If you are not comfortable preparing your own financial statements, seek outside counsel. Tax accountants and financial advisors can help you set up your income statement, balance sheet and statement of cash flows. Make sure you spend the necessary time to make sure that you understand the format.This section will be the one most carefully scrutinized by investors. If you do not prepare the statements yourself, make sure that whoever did so explains to you and others exactly why each number is there. Potential investors will want to understand every detail in your financial plan. Be prepared to answer every question and provide additional projections and scenarios.
Many venture capitalists are looking for a very high return in the next five to seven years from any business. They will look for certain profit margins and anticipated sales when analyzing your business plan. But don't let that goad you into inflating your figures. Investors have experience in the marketplace and know when predictions are out of line. In fact, if your projections seem unrealistic they have the potential to kill the deal immediately.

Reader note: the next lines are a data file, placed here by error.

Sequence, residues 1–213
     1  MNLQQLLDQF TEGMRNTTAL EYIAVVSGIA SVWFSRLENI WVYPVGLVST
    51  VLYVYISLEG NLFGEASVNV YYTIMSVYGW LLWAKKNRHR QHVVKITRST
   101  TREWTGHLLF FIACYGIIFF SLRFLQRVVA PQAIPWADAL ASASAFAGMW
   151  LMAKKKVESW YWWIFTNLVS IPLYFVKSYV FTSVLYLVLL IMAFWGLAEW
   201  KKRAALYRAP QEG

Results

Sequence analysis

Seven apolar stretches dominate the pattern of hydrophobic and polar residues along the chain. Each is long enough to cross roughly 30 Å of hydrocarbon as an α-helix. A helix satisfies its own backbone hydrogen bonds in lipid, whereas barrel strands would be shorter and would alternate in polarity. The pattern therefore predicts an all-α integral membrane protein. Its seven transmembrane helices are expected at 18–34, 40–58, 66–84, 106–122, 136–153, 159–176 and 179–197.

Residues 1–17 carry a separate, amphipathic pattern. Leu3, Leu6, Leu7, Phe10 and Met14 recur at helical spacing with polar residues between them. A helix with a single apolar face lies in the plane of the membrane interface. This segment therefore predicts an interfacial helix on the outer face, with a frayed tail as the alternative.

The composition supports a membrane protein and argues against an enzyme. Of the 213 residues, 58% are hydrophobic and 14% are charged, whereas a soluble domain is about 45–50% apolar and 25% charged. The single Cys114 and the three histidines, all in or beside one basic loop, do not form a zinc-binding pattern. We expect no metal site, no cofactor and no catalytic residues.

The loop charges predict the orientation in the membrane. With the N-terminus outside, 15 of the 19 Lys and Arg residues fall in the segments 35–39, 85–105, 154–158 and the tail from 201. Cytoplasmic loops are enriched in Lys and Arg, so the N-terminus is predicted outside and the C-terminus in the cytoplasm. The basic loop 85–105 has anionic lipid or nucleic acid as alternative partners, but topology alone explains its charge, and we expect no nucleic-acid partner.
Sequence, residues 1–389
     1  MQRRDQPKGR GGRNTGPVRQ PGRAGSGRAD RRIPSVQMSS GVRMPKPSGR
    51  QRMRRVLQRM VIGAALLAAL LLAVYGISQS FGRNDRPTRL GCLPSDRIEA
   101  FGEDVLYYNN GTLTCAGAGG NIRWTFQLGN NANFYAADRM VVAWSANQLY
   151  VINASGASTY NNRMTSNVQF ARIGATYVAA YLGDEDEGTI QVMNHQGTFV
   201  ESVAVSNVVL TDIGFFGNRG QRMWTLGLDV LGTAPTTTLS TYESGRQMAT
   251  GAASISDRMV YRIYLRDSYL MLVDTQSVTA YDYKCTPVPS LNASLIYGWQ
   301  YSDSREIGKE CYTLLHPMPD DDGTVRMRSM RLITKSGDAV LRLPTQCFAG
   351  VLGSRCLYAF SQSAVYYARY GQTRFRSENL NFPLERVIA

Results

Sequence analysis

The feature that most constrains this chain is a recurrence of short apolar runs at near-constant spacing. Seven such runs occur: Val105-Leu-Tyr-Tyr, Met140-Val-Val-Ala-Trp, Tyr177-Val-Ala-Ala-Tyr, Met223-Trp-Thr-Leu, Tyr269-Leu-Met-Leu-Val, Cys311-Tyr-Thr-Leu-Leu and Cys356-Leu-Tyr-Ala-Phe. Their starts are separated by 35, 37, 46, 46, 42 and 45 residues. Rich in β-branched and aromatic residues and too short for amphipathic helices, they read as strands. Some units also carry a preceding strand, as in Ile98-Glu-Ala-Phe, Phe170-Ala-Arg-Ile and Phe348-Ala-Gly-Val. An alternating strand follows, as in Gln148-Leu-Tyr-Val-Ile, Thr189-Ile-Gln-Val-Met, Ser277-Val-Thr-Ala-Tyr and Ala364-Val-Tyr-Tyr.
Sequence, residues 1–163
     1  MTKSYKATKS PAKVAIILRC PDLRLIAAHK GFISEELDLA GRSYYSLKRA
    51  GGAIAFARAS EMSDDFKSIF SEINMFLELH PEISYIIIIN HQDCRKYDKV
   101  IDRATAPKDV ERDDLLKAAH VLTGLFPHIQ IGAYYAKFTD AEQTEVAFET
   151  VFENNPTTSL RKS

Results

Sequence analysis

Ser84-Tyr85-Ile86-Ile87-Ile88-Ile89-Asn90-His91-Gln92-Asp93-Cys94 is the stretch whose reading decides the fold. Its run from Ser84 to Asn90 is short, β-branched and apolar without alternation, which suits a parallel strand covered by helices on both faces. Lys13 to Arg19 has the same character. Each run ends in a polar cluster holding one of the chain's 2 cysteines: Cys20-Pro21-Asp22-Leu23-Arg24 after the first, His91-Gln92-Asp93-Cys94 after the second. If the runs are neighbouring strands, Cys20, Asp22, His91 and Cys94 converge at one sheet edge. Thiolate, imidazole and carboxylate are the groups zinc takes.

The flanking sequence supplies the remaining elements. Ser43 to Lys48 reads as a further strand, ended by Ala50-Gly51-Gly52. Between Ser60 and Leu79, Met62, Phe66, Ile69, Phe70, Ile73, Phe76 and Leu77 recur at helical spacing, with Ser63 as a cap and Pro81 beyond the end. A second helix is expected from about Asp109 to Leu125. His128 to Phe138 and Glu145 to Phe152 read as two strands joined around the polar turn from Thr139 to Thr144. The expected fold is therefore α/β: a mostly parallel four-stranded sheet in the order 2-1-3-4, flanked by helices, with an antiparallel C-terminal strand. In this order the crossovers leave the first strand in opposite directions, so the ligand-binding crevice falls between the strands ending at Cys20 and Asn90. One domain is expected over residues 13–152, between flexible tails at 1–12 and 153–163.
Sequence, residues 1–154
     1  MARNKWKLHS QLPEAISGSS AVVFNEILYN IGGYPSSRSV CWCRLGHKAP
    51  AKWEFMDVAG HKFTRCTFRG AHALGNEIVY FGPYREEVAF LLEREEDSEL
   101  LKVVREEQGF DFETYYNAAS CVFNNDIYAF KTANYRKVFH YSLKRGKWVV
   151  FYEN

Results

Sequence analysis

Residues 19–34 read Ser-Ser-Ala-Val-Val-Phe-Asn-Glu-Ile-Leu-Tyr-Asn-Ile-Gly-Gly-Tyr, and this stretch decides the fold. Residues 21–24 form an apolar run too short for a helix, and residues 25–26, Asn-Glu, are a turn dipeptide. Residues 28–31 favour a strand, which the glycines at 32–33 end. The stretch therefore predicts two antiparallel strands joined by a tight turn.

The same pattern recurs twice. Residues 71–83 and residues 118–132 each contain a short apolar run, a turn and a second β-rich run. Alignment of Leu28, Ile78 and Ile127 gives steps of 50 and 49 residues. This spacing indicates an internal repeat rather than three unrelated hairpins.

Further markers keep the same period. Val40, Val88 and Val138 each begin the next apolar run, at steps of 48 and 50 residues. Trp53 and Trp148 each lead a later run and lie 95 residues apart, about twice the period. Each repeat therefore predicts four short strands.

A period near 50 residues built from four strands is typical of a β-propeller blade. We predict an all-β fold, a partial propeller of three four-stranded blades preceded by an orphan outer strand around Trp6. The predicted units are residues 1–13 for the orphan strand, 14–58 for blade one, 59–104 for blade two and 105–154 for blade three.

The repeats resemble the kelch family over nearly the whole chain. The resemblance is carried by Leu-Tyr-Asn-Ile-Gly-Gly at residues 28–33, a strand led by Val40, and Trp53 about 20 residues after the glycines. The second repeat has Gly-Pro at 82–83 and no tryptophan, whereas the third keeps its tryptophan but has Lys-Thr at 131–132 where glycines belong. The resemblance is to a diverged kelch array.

The appendix portion of your business plan should include any other information that you have discovered while doing research for your business. It can include examples of your competitors, general information on the industry, survey and questionnaire responses, or even testaments from potential customers who think your business is a great idea. While you shouldn't overstuff the appendix, it is a great place to include valuable information that supports your idea and gives the reader further confidence in your business. It is also a good idea to put in detailed descriptions of some of the main projects planned by your company in the appendix. This will give the reader an opportunity to learn in more detail about your business if he or she desires. The appendix is meant for specific information that is not essential within the body of the business plan.
Biographies of key personnel
One of the main issues that readers will focus on is the quality of the people involved in your business. When you have a small business, the background of each individual plays a large part in shaping the culture and future of your company. Including information on your company's key personnel will give the reader an idea of the talents and skills that your company possesses. Highlight areas that demonstrate industry expertise and will give your business an advantage in the marketplace. The biographies of key personnel should give the reader an idea of the backgrounds, experience, and specific industry knowledge that each individual adds to the company and the synergy these different experiences will create.
Remember that investors are as interested in the individuals running the company as they are in the actual enterprise. In the end, your people make or break your business.
What should you include in your business plan? This excerpt from the Vault Guide to Starting Your Own Business will run through the basic elements.